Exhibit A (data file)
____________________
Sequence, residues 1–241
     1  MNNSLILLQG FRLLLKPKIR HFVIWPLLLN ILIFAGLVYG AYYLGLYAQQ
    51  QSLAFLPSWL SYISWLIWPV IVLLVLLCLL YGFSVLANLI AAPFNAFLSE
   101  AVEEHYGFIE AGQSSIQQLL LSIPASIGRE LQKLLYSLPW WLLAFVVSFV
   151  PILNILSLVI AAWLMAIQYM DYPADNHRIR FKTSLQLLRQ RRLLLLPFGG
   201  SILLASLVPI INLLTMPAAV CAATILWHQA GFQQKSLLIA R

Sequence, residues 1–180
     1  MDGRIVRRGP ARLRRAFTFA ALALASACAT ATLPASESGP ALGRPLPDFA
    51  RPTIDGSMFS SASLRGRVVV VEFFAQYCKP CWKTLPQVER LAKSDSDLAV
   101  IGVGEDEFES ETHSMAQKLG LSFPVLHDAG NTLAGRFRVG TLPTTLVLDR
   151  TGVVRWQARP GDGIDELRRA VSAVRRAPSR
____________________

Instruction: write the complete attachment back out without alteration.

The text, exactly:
Sequence, residues 1–241
     1  MNNSLILLQG FRLLLKPKIR HFVIWPLLLN ILIFAGLVYG AYYLGLYAQQ
    51  QSLAFLPSWL SYISWLIWPV IVLLVLLCLL YGFSVLANLI AAPFNAFLSE
   101  AVEEHYGFIE AGQSSIQQLL LSIPASIGRE LQKLLYSLPW WLLAFVVSFV
   151  PILNILSLVI AAWLMAIQYM DYPADNHRIR FKTSLQLLRQ RRLLLLPFGG
   201  SILLASLVPI INLLTMPAAV CAATILWHQA GFQQKSLLIA R

Sequence, residues 1–180
     1  MDGRIVRRGP ARLRRAFTFA ALALASACAT ATLPASESGP ALGRPLPDFA
    51  RPTIDGSMFS SASLRGRVVV VEFFAQYCKP CWKTLPQVER LAKSDSDLAV
   101  IGVGEDEFES ETHSMAQKLG LSFPVLHDAG NTLAGRFRVG TLPTTLVLDR
   151  TGVVRWQARP GDGIDELRRA VSAVRRAPSR